Up to the late middle ages, business was pretty steady – one family owned a cow, another some cabbages, there was mutual jealousy and so they swapped. In time, money was used to facilitate more complex exchanges but, all in all, relatively few people were involved and there wasn’t a huge need for capital.
Around the 1600s though, people started exploring the world. Trade followed exploration and trade was very profitable so naturally the great families of the era liked to keep it to themselves. Notwithstanding, there were two major problems:
- firstly, intercontinental explorers were thin on the ground and trade required the wealthy to give some brash upstart a great deal of money and send him to some remote corner of the globe; and
- secondly, trade exploration required tonnes of capital, and given the risks, often more capital than one family was willing to contribute on their own, so there was a need for joint investment from unrelated parties.
A system was needed to record who was trustworthy and who had whose money and because everyone knew they could trust their King, the monarch assumed the right to allow these early joint stock companies to operate.
One of the earlier companies to receive a Royal Charter was the British East India Company. Regrettably, it developed a reputation for oppressing and pillaging India over a few centuries, so they changed their name to the Honourable East India Company and, obviously, that cleared things right up.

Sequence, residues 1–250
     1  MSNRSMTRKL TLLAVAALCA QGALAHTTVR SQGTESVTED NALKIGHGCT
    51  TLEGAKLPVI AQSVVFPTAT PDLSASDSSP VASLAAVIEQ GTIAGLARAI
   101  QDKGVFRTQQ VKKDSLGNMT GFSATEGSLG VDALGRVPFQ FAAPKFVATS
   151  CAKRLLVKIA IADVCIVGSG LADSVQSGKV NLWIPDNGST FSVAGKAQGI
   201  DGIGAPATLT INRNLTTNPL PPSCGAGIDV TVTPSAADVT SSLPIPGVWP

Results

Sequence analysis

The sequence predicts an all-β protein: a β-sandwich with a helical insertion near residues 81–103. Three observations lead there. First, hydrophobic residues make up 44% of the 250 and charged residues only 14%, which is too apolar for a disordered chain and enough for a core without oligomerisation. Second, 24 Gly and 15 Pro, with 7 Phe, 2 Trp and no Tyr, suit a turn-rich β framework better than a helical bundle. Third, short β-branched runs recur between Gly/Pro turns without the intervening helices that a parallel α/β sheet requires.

Through the colonial period, trade increased Gross Domestic Products which even royal families saw as a good thing, so seizing the opportunity to do less and get more, the regulation of companies was lowered and stock certificates came to be traded amongst progressively more common people.
The industrial revolution increased business size and technicality to unprecedented levels and the essential problems were heightened:
- investors didn’t have the foggiest understanding of Carnegie’s Steel or Rockefeller’s oil, and while they didn’t like these risks, they didn’t want to forgo their profits either; and
- companies had become so big, that they required continual diversified funding from a large number of investors to continue expansion and operation.
Thus emerged the concept of limited liability. To get people to invest it was necessary to create a law that separated the shareholders from the company itself, and limited their liability for the company’s risks up to the amount they had paid for the share capital.
That remains the essence of a limited liability company today and explains why a right to sue a company does not include a right to sue its directors or shareholders. Without the rule, which sometimes seems harsh, our economy could not have developed as it has.
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